These authors suggest that such behavior would be more common when firms internationalize their businesses to neighboring countries. However, a question open for discussion is whether such behavior can also be found in the initial steps of internationalization of traditional multinationals.

Unfortunately that are no studies based on large samples that can help understand whether these preferences were also present in their initial choices. Two of the three hypotheses concerning the institutional environment of the host country have received only partial empirical support, suggesting that some institutional factors studied were not statistically significant in explaining the ownership mode of Brazilian multinationals.

There are several possible explanations for these results. In the case of the construct Regulatory Quality, two factors were identified but only one Quality of Government Institutions was significantly associated with the selection of wholly-owned a case study of the issues surrounding the multinational corporation johnson johnson, as generally predicted in the a case study of the issues surrounding the multinational corporation johnson johnson e.

This result also supports our contention that, in the case of EMNEs, researchers should not consider the regulative distance, but rather the absolute quality of the regulatory environment of the host country.

Brazilian multinationals do take into account the stability and transparency of government policies, the protection of property rights, and the efficiency and independence of the judiciary system, and such aspects influence their decision of ownership mode, in the same way they influence their counterparts from other countries. The non-significant results can be explained by the Brazilian institutional environment in which these aspects are also present.

Being used to dealing with them, decision makers at Brazilian multinationals do not consider such factors important when deciding ownership mode.

We contend, therefore, that because EMNEs originate from countries with poor institutional environments, researchers should be careful when evaluating the influence of regulative distance in their internationalization decision processes. In this study, although decision makers did perceive institutional weaknesses and risks in the countries where they chose to establish their subsidiaries, part of these aspects do not seem to impact the ownership mode decision, probably because they are used to operating in an environment with similar characteristics.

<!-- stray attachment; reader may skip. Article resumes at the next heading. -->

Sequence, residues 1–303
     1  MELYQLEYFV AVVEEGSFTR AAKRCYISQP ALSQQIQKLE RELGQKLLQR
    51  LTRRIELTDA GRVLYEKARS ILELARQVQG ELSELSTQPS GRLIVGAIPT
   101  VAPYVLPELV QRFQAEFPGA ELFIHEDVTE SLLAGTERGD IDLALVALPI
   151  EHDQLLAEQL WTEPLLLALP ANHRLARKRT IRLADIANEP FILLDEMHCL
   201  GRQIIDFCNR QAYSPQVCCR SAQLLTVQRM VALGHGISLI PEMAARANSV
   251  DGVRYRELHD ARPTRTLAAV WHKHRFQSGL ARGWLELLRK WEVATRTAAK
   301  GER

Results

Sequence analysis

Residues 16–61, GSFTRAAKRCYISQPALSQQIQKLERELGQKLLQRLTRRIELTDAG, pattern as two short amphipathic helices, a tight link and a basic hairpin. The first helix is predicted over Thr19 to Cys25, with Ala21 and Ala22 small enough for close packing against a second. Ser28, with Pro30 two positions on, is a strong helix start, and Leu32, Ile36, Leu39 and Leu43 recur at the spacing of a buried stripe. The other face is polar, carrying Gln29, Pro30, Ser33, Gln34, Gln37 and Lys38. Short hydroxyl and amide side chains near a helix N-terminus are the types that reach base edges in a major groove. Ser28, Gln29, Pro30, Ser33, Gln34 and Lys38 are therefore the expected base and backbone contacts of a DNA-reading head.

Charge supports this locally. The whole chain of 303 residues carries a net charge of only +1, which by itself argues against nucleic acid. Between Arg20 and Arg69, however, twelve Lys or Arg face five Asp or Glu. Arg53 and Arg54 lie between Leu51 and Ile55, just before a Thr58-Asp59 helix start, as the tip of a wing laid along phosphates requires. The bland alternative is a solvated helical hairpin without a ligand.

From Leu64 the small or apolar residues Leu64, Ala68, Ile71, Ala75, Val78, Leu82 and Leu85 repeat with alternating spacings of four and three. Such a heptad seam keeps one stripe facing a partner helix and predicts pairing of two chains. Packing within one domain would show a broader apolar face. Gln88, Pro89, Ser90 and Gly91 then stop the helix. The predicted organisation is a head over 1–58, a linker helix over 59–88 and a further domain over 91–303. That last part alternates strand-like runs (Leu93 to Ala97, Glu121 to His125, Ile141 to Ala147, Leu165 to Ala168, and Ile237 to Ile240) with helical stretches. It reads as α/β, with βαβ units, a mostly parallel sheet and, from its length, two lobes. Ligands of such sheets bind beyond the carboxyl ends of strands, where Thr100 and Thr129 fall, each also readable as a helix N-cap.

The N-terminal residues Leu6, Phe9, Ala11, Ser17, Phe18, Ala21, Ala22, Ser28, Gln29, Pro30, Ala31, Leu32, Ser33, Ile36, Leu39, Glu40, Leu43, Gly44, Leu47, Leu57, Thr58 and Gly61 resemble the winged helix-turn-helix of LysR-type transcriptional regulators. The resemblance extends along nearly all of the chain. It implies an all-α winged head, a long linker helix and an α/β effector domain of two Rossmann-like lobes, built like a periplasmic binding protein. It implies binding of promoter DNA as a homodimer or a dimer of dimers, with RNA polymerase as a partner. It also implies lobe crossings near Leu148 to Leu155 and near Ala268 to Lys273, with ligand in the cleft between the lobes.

Again, they do not show preference, but rather less concern, for this type of environment when choosing the ownership mode. Thus, our proposal of using the absolute quality of the regulatory environment in the case of EMNEs, rather than the regulative distance, is consistent with this study's result.

The factor Beliefs, however, was significant, although in a direction contrary to hypothesized. In our study, the larger the perceived differences in beliefs, the more the firm would tend to choose a wholly-owned subsidiary. An explanation for why beliefs would significantly impact the ownership-mode decision, and values would not, may rest in the nature of these constructs. Beliefs are not as deeply rooted and stable in time as values; they relate more to "practices", which belong to more superficial "layers of culture" cf.

Therefore, differences in beliefs may actually impact foreign operations more than differences in values. The fact that the direction of the relationship was contrary to hypothesized is not totally surprising; in fact the literature shows ambivalent results in the relationship between ownership mode and cultural distance, a construct similar to normative distance, also including values and beliefs.